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The Mason Definition Chorus is a jack of all trades, yet amazingly a master of all. It's the definitive all-round road bike, one that offers great ride quality and geometry that works both at speed or when cruising along – and that's whether you're crossing town, the county, or even the country. The build quality and finish are flawless too.
Back in 2015 I felt that Mason's Definition was the pinnacle of what an aluminium alloy road bike could be, and one that was breaking boundaries, too.
While we may now see performance road machines with tyres wider than 25mm – and running disc brakes only – as the norm these days, by 2015 standards it was quite a leap of faith.
The fact it had geometry you could ride all day, quickly and in comfort, also blurred the lines between the endurance and race machine pigeon holes. It could even take mudguards, too.
It's had a few tweaks over the years, but thankfully Mason has generally taken the 'if it ain't broke, don't fix it' route. The original Definition used QR skewers front and rear, for instance – though only because designer Dom Mason was waiting for thru-axle standards to settle down – before being updated to 12mm thru axles.
Other than that though, very little has changed. While it's actually quite rare for us to revisit a bike that hasn't seriously changed since the last time we rode it, the times themselves have changed. When we were offered the Definition Chorus, I was intrigued to see how it had stood the test of time.
With all of the advances in aluminium tubing, and seven years of the competition watching and learning, would it still cut the mustard?
The answer is yes!
For my first ride on this Definition, I rolled out of the estate and hit the back lanes, and straight away I was in a happy place. That original Definition has remained in my memory as having possibly the best ride quality of any aluminium alloy frame out there – the talk of aluminium frames giving a harsh ride has been silenced over the years, and the Definition is one of the reasons why.
It doesn't behave in a way many alloy bikes do, it's so damn comfortable. The way it silences road buzz is more like titanium or steel, giving off a velvety feel, a softening around the edges if you like, and without ever minimizing any of the feeling of integration between rider and bike.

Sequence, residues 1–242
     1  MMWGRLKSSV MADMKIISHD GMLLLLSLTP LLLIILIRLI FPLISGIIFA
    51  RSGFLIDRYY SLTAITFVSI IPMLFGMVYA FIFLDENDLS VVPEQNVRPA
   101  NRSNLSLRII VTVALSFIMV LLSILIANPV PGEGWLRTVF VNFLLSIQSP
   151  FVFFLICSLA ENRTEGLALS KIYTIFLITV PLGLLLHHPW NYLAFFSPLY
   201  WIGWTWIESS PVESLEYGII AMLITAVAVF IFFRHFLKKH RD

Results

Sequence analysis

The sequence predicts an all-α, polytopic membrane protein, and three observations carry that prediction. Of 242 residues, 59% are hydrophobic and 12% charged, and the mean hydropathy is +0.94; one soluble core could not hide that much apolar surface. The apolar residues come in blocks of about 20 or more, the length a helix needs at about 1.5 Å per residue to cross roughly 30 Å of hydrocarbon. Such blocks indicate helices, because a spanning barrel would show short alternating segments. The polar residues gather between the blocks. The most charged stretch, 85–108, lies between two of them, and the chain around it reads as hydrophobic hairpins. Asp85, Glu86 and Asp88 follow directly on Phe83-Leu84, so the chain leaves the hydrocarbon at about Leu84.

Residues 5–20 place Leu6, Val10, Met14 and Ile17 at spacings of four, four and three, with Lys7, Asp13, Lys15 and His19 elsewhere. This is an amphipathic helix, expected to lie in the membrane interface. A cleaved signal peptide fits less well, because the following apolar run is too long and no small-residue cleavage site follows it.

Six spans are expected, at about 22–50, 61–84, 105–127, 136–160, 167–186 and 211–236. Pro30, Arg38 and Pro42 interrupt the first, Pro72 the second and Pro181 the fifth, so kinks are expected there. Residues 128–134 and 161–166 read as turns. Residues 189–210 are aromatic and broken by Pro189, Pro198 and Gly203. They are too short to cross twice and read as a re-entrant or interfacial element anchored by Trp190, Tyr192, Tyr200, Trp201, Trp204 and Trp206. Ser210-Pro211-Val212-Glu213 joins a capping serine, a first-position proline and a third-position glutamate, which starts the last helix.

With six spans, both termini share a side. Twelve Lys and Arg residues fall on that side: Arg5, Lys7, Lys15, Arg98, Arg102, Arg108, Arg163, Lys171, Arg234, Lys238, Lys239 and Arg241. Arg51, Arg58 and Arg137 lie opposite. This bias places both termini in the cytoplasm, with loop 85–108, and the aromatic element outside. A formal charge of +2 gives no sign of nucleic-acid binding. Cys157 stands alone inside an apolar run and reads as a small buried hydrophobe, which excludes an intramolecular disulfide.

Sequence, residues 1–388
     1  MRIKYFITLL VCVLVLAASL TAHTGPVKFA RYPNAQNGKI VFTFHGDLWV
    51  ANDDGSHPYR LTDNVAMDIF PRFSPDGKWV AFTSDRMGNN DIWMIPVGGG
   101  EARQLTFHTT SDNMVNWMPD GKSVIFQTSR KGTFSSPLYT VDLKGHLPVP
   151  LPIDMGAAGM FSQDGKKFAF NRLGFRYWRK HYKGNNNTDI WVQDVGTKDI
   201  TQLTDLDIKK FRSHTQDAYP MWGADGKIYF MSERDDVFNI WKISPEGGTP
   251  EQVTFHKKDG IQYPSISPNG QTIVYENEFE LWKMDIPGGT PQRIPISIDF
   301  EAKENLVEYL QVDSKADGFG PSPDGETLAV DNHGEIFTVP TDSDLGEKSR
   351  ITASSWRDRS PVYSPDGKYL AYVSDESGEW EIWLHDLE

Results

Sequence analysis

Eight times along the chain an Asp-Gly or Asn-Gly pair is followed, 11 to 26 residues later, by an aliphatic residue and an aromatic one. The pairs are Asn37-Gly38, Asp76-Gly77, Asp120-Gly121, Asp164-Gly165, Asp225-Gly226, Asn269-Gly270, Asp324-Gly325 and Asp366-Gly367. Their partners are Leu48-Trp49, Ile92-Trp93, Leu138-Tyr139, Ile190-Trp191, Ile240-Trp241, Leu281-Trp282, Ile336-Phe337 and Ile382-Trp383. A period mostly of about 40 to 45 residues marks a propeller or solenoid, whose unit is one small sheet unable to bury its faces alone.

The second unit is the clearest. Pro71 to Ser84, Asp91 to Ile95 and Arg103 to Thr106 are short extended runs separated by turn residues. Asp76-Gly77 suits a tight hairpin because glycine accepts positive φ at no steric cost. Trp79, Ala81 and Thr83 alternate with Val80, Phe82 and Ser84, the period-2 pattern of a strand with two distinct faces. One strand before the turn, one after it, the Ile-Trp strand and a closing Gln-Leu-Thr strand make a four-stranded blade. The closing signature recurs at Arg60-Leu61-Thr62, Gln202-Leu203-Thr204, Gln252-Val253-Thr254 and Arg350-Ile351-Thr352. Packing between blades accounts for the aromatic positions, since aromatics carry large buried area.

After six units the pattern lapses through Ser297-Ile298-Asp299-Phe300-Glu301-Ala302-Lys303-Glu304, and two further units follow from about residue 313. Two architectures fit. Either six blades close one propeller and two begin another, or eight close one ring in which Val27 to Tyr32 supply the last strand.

And that's the thing: the key to the Definition is that it truly feels like an extension of you.
It feels so poised on the road, even when the surface is rough (as they so often are), and the lack of 'buzz' leaves the Definition feeling planted. That in turn gives an extra boost of confidence for you to push it hard in the bends.
The geometry is spot on too, with a balance of angles and tube lengths that sits towards the endurance end of the market. The front end isn't as razor sharp as the raciest of race bikes, but it's very close, and the slightly slacker head angle – plus a wheelbase a few millimeters longer to accept full mudguards – means handling that's a little bit less frantic. It really allows you to ride the Mason quickly over long distances.
I've hit over 50mph many times on the Definition, and it feels exceptionally solid there, flowing through the bends sweetly. It's easy to hit the apex on even the most technical of descents.
The head tube is relatively short which helps you get tucked into the drops to lower your centre of gravity, although it isn't so short the saddle to bar drop becomes extreme.
There is no issue with any fork flex when banked over hard or scrubbing speed off before a turn, and the fork legs' stiffness gives positive feedback from top to bottom. It's a front end that lets you know exactly what the tyre is up to.
The frame also is impressively stiff, which makes the Definition feel nimble and responsive on the climbs. It's no lightweight whippet, but considering its intentions it's no slouch when ascending – either in the saddle or when dancing on those pedals.
It's the same on the flat. The Mason is well suited to tapping out the miles at a decent pace, but should the need arise for a hard effort or a touch of sprinting, you won't be left disappointed.
From a ride point of view the Mason is just a beautiful place to be. It's such a capable piece of design that it always feels like the right bike for the job (well, probably not if you find yourself on the start line of a crit, but you know what I mean) regardless of your pace or aims for that particular ride.
The ride quality is excellent, but this is where the Definition really shines. I've met Dom Mason countless times over the years and the one thing I've learnt is that he is a stickler for the details. That's highlighted when you get up close to the Definition.
The frame is handbuilt in Italy using triple-butted 7000 series aluminium tubing made by Dedacciai, custom drawn to the exact shape and wall thicknesses specified by Mason. It's this shaping that has the largest impact on the overall ride quality, rather than just the material itself.
The Definition uses sizes and shapes ranging from the beefy 1 1/8in to 1.5in tapered head tube and large D-section down tube, down to a slender, ovalized top tube. The rear triangle incorporates what Mason call its BoatTail stays.